Crazy Rich Asians

Singapore has been called many things. The two most memorable are “Disneyland With the Death Penalty” and “Asia for Beginners.” In “Crazy Rich Asians” folks are introduced to a colorful, enticing and seemingly unattainable side of Singapore.

Based on the 2013 novel by Kevin Kwan (itself a semi-autobiographical tale), the film is a colorful, frothy rom-com most notable for its mainstream aspirations. Given the sad reality that casts filled with minorities have not fared well at the box office, this effort has a great shot at breaking through.

The simple premise (Chinese-American professor journeys to Singapore to meet her boyfriend’s family, only to discover they are impossibly rich) is a Petri dish for all kinds of plot devices. Bachelorette parties, family affairs, detectives and endless cultural and culinary backdrops fill out the storyline.

The production looks great, with color, costumes and cooking playing a significant role. Director Jon M. Chu leveraged his prior franchise work with “G.I. Joe” and other properties to bring a clever tone to “Crazy Rich Asians.” Singapore, always a brighter, shinier version of its neighbor Malaysia (from which it broke away in the 1960s) looks fabulous in the film. Not much needed to be cleaned up for the film shoot, as the city is always spotlessly clean.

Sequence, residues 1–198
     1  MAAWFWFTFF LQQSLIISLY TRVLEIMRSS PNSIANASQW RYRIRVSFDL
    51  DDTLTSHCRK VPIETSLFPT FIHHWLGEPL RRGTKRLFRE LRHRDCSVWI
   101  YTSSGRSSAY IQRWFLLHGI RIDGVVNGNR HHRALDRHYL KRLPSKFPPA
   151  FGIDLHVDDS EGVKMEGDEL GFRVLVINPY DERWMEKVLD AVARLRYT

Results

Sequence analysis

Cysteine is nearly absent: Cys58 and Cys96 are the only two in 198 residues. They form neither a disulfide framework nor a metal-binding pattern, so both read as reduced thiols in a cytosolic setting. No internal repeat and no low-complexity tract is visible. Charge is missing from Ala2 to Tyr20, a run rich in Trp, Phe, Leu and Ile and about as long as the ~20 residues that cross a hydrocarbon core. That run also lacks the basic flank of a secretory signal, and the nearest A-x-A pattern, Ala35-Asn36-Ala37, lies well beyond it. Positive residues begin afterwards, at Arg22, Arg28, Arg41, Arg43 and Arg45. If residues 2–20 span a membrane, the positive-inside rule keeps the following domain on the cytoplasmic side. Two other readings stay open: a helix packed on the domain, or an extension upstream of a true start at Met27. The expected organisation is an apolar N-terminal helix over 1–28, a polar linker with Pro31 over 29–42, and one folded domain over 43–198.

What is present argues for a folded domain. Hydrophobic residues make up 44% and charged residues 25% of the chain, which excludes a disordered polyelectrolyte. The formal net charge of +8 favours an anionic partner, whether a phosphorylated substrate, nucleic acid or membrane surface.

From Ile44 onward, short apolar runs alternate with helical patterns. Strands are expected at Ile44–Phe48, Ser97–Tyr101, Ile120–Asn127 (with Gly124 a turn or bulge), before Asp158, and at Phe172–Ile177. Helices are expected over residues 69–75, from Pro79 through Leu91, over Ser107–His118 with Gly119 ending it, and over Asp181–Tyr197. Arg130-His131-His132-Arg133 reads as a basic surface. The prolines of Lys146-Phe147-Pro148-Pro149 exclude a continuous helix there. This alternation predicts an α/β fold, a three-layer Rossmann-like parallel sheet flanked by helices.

The cast, on which so much relies, is uniformly strong: Henry Ewan Golding, Gemma Chan, Lisa Lu, Constance Wu , Awkwafina, Ken (“The Hangover”) Jeong, Michelle (“Tomorrow Never Knows”) Yeoh and Jimmy O. (“Silicon Valley”) Yang are particularly noteworthy.

The soundtrack is a clever blend of east and west, with a clever emphasis on topical melodies like “Material Girl” and “Money (That’s What I Want).”

Brad Auerbach has been a journalist and editor covering the media, entertainment, travel and technology scene for many years. He has written for Forbes, Time Out London, SPIN, Village Voice, LA Weekly and early in his career won a New York State College Journalism Award.